How to pass the Rocksmith soundcheck

Many people seem to be having trouble passing the Rocksmith soundcheck. I have passed the Rocksmith soundcheck using several guitars. Following is how I do it.

Guitars I have used to pass the Rocksmith soundcheck

Jose Ferrer El Primo classical nylon-string guitar

I passed the Rocksmith soundcheck using this Jose Ferrer El Primo classical nylon-string guitar fitted with a clip-on piezo pick-up

I have managed to pass Rocksmith‘s soundcheck using the following guitars:

  • Yamaha F310P acoustic guitar using a transducer (piezo) pickup blue-tacked behind the saddle on the body of the guitar
  • Ibanez miKro GRGM21M (¾-size electric guitar)
  • Cort Earth-Mini guitar (¾-size dreadnought travel guitar) with a piezo pick-up clipped to the headstock
  • Jose Ferrer El Primo classical nylon-string guitar (½-size) with a piezo pick-up clipped to the headstock.

Yes, that is right. I passed the Rocksmith soundcheck using a ½-size, children’s, nylon-string guitar with a $2 eBay piezo pick-up clipped on to the headstock! On the other hand, the Ibanez MiKro electric guitar with the volume set at five, passed the Rocksmith soundcheck with ease.

If you can not pass the Rocksmith soundcheck, you are doing something wrong.

How to pass the Rocksmith soundcheck

Guitars put out a wide variety of sound levels from their electronic pick-ups. I suspect that my kid’s classical, nylon-string guitar using a $2 eBay pick-up clipped to the headstock is down the bottom end of the scale. At the other end are expensive electric guitars with hot pick-ups.

By undertaking the soundcheck, Rocksmith seems to be trying to identify the maximum sound level that your guitar can put out. Rocksmith then adjusts the game’s internal sound level accordingly. This ensures that the game functions properly and the various musical elements are in balance, including your guitar.

By getting you to undertake the soundcheck twice, my theory is that the game wants you to try harder on the second soundcheck, thereby playing the loudest possible!

So give the game what it is expecting by doing the following:

  • Soundcheck #1: starting strumming moderately loud, increasing your strumming volume to loud (do not play the loudest possible)
  • Soundcheck #2: start strumming loud, increasing strumming to very loud — your absolute loudest possible. Use a firm pick and play both the down and up strokes to maximise the strumming volume produced.

This technique to pass the Rocksmith soundcheck has worked well for me on my acoustic and classical guitars. My electric guitar passed without needing to use this technique. Let me know if it works for you in the comments box below.

13 thoughts on “How to pass the Rocksmith soundcheck

  1. Drake

    hi am just a little kid first time playing guitar i have a cheap kids guitar and i did the sound check four times. i got to the part where it says “STOP” and it still didn’t go to the next menu. what is a “2 ebay pickup” i think i need one if u passed with your kids guitar.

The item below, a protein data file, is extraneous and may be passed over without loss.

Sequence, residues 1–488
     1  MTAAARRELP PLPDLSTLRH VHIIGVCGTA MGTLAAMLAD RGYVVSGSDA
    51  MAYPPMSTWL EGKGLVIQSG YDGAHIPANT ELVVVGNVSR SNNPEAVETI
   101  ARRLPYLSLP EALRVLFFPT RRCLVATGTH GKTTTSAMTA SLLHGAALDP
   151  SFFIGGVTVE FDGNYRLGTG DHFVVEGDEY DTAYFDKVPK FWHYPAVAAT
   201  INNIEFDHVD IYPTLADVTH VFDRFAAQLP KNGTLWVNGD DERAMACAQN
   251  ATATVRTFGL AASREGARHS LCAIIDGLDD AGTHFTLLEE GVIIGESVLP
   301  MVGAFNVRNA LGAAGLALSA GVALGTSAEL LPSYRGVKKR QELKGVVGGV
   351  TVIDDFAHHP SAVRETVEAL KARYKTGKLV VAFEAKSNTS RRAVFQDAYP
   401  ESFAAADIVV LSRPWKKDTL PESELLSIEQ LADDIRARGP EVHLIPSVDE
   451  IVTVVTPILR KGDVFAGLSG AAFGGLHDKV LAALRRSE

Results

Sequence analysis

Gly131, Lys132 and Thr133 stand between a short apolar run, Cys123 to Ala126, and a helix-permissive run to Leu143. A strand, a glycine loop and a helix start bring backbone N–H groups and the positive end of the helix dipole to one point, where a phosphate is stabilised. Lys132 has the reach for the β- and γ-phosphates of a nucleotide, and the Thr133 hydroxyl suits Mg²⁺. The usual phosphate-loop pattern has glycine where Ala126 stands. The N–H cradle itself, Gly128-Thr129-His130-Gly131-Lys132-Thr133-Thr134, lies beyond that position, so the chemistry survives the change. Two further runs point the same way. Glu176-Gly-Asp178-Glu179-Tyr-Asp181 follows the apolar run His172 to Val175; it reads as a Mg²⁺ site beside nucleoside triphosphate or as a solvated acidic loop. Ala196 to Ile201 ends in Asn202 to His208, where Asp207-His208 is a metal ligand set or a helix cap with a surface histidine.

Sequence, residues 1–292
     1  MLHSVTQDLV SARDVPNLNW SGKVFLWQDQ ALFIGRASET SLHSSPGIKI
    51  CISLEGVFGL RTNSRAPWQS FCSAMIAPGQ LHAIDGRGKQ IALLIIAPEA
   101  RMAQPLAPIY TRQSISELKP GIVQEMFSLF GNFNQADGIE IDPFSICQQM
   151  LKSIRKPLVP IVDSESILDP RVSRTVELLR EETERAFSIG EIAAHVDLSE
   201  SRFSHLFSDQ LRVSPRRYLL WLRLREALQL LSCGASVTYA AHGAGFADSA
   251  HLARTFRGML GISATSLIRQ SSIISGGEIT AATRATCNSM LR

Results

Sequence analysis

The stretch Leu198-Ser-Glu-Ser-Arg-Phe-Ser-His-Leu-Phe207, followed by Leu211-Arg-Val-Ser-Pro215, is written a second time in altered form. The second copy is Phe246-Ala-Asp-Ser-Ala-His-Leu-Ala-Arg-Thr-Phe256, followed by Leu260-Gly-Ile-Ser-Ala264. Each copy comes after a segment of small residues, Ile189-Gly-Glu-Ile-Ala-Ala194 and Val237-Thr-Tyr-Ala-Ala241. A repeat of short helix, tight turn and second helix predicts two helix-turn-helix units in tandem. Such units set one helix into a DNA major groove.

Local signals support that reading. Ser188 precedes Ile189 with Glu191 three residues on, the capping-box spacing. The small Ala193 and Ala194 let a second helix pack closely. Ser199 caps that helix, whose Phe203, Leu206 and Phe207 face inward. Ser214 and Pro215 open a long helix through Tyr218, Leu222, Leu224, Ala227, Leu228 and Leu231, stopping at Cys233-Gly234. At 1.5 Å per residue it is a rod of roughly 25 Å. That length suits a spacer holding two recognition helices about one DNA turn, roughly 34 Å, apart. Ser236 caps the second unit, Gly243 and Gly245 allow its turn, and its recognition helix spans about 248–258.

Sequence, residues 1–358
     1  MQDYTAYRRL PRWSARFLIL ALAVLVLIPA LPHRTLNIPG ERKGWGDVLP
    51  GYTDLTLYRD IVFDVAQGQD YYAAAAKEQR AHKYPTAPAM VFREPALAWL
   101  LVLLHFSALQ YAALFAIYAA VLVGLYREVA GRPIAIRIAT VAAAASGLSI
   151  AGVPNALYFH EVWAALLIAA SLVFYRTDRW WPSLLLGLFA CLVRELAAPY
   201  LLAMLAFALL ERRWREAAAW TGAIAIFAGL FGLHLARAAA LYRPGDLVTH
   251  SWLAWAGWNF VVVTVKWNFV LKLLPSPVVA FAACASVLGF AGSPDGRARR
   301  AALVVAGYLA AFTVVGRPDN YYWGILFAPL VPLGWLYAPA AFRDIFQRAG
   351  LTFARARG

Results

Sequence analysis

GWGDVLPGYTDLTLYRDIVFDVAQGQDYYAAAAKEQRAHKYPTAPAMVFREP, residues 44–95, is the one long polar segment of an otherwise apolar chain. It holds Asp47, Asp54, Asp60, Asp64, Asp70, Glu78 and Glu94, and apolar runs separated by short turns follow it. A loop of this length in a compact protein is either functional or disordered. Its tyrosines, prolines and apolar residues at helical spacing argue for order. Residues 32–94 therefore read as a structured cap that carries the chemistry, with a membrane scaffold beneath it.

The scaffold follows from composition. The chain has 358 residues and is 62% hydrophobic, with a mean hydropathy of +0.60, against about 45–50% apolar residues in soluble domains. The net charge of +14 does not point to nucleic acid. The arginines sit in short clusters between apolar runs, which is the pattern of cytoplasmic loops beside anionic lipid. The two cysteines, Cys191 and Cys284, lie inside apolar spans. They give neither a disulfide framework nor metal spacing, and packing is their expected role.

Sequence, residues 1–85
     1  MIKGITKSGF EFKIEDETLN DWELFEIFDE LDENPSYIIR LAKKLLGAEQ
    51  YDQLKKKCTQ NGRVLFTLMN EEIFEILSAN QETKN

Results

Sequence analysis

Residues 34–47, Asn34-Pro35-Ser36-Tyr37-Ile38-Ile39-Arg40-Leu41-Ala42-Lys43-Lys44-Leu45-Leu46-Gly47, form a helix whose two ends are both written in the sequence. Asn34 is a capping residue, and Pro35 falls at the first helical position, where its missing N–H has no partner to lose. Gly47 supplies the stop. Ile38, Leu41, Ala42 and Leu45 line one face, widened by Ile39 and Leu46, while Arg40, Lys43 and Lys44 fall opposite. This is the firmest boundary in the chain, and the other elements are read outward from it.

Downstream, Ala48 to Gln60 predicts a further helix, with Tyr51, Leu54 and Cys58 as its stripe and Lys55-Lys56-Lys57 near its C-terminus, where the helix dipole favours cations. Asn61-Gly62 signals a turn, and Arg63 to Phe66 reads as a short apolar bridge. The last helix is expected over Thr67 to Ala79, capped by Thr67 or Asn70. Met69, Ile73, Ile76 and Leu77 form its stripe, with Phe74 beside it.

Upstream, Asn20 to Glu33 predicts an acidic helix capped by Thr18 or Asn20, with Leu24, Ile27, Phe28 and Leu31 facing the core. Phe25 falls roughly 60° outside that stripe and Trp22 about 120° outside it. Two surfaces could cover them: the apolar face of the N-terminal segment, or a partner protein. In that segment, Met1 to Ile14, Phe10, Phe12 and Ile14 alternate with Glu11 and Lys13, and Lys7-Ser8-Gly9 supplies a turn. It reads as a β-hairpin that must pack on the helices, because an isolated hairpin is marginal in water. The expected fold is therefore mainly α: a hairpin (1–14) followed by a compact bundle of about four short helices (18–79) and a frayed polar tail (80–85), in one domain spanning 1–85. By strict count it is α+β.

1. Rex

      Which part of the sound check is stopping you? The volume check or tuning? If you are already plugged in, your technique may be letting you down.

  2. Josh

    Hi I couldn’t pass the soundcheck part with my squier stratocaster i tried everything you said but … Should I buy a pizeo pick-up to mount on a classical guitar ? I think we need a pre-amplifier circuit board for piezo disk to make sound bigger . Do you interesting in electronics ?

    1. Rex

      You should be able to pass the sound check easily on a Squier. Which part of the sound check is failing? The volume or the tuning?

  3. Josh

    the volume but the second part .I strum at first then it says stop and then game goes on saying plug your jack bla bla bla turn on your volume … (but it happens on second one)

    1. Rex


      I have not experienced this problem with Rocksmith. The game does require you to perform the sound check twice. Are you getting a sound level registering the first time around?

      I am assuming that your guitar plays okay when plugged straight into an amplifier?

      Has anyone else experienced this problem and found a solution? If so, can you post a response below?


  4. Lemon Abe

    I have a Yamaha FG700S steel-string acoustic, and I used a Seymour Duncan pickup and some other stuff to hook up the guitar to the Xbox. The game recognizes my strumming and everything, but I can NOT get past the tuning. I managed to fool it in the first couple of strings by playing chords, but I’d like an easy solution to get past the tuning. My guitar is tuned fine, but the game doesn’t seem to respond (ie, the needle doesn’t move or anything). I also looked up how to skip things, and it seems that nobody can “force skip” anything. Please help me make my game not a waste of money.


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